Newsletter 602 – Decluttering Your Life

clutter 8Over a year ago my wife and I started the process of downsizing, selling our house, and moving to a condominium. We knew this would be stressful but it’s almost over. One of the most difficult tasks was decluttering the house and getting rid of our accumulated stuff. (Does anyone agree with my daughter who says that books do not count as stuff? Sounds good to me!)

With this background I had a special interest in the theme of Leadership Journal (Winter, 2015): “Declutter: Straightening the mess of ministry.” The articles extend beyond ministry and apply to our cluttered lives, schedules and careers. Here are some highlights including a few observations of my own:

  • David Kinnaman cites research about our hyperlinked lives, distracting addictions to cell phones, and compulsions to keep up with everything that comes to our devices.
  • An article on the collapse of Mars Hill Church points to the values and behaviors of people who are driven to make an impact, change the world, grow bigger, become known, or develop impressive resumés. It is easy to forget God in all of this and buckle under the anxiety and overcrowded to-do lists.
  • Drawing on his new book Simplify: Ten Practices to Unclutter Your Soul, Bill Hybels writes about making tough choices to strategically neglect things we aren’t called to do. Hybels states, “if you try to do everything and sustain unsafe levels of speed [or activity] long enough, something terrible is going to happen.” Hybels sits down regularly “with a calendar and a submitted spirit” to determine what he can and cannot or should not do. It’s the old idea of having “don’t-do” lists as well as “to-do” lists.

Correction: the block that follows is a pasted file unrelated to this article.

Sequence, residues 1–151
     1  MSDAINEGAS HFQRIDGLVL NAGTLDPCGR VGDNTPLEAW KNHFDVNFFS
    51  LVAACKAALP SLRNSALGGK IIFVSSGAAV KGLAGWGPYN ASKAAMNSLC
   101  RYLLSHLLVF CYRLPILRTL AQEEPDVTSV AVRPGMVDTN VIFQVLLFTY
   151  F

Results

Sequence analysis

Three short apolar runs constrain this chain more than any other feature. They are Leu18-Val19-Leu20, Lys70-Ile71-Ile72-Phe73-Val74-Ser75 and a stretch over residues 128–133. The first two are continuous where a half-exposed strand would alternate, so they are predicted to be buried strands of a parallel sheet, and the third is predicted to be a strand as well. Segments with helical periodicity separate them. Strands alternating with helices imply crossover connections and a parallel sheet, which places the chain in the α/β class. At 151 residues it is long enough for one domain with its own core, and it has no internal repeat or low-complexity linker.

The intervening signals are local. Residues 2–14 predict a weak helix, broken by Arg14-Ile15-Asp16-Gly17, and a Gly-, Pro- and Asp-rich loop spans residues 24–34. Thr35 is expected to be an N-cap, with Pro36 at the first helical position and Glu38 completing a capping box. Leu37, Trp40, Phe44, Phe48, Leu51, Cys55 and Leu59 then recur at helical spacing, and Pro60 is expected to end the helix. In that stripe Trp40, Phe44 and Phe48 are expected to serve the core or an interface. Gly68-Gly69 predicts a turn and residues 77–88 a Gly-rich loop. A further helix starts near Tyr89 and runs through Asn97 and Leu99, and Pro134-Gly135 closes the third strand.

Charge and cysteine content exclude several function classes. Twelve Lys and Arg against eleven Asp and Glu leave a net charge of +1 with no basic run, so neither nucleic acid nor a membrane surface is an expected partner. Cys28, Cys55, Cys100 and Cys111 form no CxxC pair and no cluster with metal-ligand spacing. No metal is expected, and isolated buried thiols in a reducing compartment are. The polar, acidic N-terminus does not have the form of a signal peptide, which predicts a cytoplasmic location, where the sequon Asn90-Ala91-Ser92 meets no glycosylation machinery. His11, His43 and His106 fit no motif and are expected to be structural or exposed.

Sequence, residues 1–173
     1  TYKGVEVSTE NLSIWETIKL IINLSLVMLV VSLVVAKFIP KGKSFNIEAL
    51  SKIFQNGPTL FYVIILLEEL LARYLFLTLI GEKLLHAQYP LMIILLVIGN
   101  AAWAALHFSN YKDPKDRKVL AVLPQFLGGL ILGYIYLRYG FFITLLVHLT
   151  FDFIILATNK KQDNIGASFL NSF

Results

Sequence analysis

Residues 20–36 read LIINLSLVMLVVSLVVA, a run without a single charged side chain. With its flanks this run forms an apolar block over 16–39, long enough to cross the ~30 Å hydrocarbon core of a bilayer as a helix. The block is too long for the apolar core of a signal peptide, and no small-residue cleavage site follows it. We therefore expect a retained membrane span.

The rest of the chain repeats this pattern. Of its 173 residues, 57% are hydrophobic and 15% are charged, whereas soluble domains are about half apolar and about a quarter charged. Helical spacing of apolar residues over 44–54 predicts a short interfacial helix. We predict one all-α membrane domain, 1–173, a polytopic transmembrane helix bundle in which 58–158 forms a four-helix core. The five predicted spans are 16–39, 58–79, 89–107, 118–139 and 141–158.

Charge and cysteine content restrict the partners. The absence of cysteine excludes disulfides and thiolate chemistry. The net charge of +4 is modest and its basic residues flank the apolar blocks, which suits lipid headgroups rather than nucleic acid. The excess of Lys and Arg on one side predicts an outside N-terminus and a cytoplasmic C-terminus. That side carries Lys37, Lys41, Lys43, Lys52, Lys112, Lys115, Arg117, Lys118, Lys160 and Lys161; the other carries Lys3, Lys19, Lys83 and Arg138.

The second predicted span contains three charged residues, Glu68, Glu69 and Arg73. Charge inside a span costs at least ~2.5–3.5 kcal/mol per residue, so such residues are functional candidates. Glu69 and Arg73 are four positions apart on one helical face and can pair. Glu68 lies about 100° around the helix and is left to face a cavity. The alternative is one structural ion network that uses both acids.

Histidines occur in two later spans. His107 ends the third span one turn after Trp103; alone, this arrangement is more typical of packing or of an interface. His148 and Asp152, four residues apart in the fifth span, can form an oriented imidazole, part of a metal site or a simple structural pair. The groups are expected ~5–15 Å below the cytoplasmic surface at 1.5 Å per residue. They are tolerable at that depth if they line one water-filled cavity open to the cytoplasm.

• God does not call us to do everything. Decluttering your life of valued activities can be even harder than getting rid of stuff.
  • Of course there are things in life that you can’t dump. But be aware of your calling, passions, gifts and abilities. Try to focus on these. If you don’t know what these are, ask the people who know you best.
  • Schedule time to rest and rejuvenate with whatever brings you replenishment. Don’t pretend that your work or ministry is so important that you can’t pause periodically. Keep pushing and sometimes your body forces you to slow down or declutter.


I see myself in much of this. Do you relate? How do you declutter? Please comment.


  1. Eight years ago, I had the opportunity to see Dr. Richard Swensen speak about his book “Margin: Restoring Emotional, Physical, Financial and Time Reserves to our Overloaded Lives”. Since then, I’ve put much more focus on identifying and safeguarding my priorities/purposes and ruthlessly cut out what didn’t support them. In short, I’ve learned to say “no” to good – and even great opportunities – in order to say “yes” to the right opportunities. Great post, Gary!


  2. This theme some goes along with wherever you are, be all there.

    Best done on a regular basis. Unfortunately, or fortunately, one of the things I have been saying NO to for years is throwing out papers in my office. I can ignore piles of papers for years. My wife cannot. Thus my piles of papers are a distraction to her. They are desk decorations to me.


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